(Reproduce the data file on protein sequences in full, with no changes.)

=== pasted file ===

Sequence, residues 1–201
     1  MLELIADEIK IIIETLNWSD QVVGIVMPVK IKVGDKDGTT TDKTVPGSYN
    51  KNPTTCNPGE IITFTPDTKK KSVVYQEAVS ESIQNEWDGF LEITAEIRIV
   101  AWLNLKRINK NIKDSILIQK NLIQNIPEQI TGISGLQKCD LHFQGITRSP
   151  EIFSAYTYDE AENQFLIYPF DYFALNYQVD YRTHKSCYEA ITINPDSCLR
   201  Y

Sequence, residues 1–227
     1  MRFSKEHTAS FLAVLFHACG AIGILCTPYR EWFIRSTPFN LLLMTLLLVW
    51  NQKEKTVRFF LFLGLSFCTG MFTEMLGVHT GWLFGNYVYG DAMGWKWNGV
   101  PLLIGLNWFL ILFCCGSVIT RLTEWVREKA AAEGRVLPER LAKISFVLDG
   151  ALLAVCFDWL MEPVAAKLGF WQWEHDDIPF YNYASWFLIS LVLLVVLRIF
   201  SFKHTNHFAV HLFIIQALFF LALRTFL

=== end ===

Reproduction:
Sequence, residues 1–201
     1  MLELIADEIK IIIETLNWSD QVVGIVMPVK IKVGDKDGTT TDKTVPGSYN
    51  KNPTTCNPGE IITFTPDTKK KSVVYQEAVS ESIQNEWDGF LEITAEIRIV
   101  AWLNLKRINK NIKDSILIQK NLIQNIPEQI TGISGLQKCD LHFQGITRSP
   151  EIFSAYTYDE AENQFLIYPF DYFALNYQVD YRTHKSCYEA ITINPDSCLR
   201  Y

Sequence, residues 1–227
     1  MRFSKEHTAS FLAVLFHACG AIGILCTPYR EWFIRSTPFN LLLMTLLLVW
    51  NQKEKTVRFF LFLGLSFCTG MFTEMLGVHT GWLFGNYVYG DAMGWKWNGV
   101  PLLIGLNWFL ILFCCGSVIT RLTEWVREKA AAEGRVLPER LAKISFVLDG
   151  ALLAVCFDWL MEPVAAKLGF WQWEHDDIPF YNYASWFLIS LVLLVVLRIF
   201  SFKHTNHFAV HLFIIQALFF LALRTFL